How to Make Sure Your Payroll is Paid – Even if Your Bank is Down
Alex Margolin| Mar 19, 2023
When a bank crashes, it can throw all your financial operations into disarray. The most pressing problem you’ll face is making sure your global workforce is properly paid.
Your employees rely on you to deliver accurate payroll payments every payday, even if your bank can no longer process those funds. The tax authorities and other stakeholders are the same. They expect to be paid no matter what.
That’s why it’s essential to have a payroll contingency plan for all eventualities. Despite the fact that payroll is the biggest expense at virtually every company, most organizations have no plan in place for the possibility that their bank can suddenly not be in a position to undertake what it needs to.
And if it happens, they’re left scrambling for solutions.
Building a Payroll Contingency Plan
Many companies have contingency plans in their IT departments to make sure they continue to function – and meet the needs of their clients – under any circumstances. A payroll and payment contingency plan is just as important because an inability to pay your workforce can be equally damaging to your company.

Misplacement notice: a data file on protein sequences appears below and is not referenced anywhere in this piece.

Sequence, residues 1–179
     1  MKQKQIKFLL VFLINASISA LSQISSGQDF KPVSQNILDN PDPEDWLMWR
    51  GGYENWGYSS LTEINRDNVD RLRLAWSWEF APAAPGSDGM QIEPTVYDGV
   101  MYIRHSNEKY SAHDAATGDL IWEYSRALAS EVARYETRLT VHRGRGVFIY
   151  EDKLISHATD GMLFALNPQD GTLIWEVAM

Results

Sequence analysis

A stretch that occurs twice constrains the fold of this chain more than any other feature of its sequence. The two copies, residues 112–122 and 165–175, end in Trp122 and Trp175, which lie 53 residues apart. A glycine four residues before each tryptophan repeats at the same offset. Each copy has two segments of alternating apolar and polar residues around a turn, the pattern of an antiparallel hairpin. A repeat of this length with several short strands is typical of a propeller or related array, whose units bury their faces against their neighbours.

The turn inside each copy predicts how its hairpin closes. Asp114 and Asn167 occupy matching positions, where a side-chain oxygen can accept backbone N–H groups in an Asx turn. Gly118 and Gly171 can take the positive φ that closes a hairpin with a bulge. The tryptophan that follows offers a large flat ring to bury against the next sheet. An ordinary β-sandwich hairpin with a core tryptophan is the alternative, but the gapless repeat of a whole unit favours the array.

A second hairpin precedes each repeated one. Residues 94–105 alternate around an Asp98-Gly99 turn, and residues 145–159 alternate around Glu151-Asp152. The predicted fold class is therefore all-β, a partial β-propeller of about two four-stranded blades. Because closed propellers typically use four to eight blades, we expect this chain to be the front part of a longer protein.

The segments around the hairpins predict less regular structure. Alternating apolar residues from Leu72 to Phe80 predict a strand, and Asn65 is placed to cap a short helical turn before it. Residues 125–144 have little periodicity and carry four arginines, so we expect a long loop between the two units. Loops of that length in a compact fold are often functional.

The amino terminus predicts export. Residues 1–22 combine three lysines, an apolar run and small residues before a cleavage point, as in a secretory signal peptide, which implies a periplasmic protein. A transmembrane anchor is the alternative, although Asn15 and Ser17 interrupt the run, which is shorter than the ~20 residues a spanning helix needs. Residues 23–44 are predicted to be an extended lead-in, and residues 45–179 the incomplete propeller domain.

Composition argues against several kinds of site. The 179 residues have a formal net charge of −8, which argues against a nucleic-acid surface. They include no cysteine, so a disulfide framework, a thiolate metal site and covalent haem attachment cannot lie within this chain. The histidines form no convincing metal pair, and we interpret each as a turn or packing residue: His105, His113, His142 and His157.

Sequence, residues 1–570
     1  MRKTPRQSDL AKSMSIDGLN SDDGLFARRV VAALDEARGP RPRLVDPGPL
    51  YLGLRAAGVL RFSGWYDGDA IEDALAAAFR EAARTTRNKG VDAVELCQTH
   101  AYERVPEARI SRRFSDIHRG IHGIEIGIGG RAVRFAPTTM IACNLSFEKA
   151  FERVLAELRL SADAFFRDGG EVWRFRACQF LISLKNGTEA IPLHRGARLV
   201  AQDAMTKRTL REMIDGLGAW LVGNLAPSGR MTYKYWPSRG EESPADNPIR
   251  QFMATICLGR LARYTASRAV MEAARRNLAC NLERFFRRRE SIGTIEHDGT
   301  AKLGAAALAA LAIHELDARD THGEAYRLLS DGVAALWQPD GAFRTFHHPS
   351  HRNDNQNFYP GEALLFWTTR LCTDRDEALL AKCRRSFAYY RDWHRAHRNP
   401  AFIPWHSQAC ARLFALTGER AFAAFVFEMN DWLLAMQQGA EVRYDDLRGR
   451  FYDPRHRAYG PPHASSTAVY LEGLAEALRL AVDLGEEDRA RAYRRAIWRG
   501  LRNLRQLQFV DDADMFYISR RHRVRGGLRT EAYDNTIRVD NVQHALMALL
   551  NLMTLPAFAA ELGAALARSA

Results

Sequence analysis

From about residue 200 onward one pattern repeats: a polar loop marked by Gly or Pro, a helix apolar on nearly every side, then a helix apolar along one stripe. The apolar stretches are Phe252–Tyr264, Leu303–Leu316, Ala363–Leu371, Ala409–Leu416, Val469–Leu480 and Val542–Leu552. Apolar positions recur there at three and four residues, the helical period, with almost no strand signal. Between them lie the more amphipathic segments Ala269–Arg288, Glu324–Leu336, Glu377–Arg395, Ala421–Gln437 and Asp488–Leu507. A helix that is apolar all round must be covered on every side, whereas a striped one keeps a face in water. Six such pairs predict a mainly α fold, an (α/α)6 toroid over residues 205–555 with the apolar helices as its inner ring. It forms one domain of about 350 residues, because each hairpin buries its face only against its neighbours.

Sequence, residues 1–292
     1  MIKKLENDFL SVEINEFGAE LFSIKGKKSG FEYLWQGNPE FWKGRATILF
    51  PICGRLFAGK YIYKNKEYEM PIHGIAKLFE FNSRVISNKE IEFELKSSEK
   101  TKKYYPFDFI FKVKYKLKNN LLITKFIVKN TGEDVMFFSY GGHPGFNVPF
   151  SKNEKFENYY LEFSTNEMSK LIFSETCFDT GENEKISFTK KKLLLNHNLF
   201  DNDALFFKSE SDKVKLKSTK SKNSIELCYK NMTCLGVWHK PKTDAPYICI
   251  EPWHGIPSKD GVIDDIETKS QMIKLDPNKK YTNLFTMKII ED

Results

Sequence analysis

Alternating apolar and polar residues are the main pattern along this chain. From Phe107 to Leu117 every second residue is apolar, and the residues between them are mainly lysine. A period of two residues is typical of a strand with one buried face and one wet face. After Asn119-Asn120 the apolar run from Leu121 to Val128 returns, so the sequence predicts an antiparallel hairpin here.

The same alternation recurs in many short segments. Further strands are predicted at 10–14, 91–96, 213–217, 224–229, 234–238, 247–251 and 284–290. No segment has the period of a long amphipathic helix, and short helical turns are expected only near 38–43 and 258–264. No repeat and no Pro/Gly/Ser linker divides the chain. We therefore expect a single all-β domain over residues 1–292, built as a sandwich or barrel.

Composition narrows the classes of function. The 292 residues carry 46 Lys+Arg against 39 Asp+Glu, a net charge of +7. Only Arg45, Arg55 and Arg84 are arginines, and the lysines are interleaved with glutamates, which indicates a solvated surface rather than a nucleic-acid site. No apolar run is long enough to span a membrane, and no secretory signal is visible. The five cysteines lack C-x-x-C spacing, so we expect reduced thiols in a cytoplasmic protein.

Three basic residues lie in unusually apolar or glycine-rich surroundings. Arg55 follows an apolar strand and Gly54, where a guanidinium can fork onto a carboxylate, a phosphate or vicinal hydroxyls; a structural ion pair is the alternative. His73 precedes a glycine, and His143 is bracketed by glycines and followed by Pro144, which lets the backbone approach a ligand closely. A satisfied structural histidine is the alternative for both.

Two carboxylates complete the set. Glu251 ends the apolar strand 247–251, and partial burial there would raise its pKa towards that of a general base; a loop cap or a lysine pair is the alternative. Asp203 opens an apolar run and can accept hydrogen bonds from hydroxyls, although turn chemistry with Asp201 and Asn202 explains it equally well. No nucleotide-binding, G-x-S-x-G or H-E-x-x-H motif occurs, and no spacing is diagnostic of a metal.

The following three elements will help you establish a resilient payroll operation that can overcome any obstacles.
1. Distribute your funds among several banks
No single bank can be relied on 100% of the time. If all your available resources are tied up in one account which becomes inaccessible for any reason, you’ll have to look elsewhere for the funds to pay your workforce. This is non-negotiable; to avoid it risks a severe attrition. Even late payments can cause a drop in morale that threaten to spoil your hard-earned organizational culture and loyalty.
Make sure your funds are spread around in different places. That way you always have the money you need to meet your payroll obligations, and no one disaster can block you from paying your employees.
2. Use a payroll and payment provider flexible enough to work with multiple banks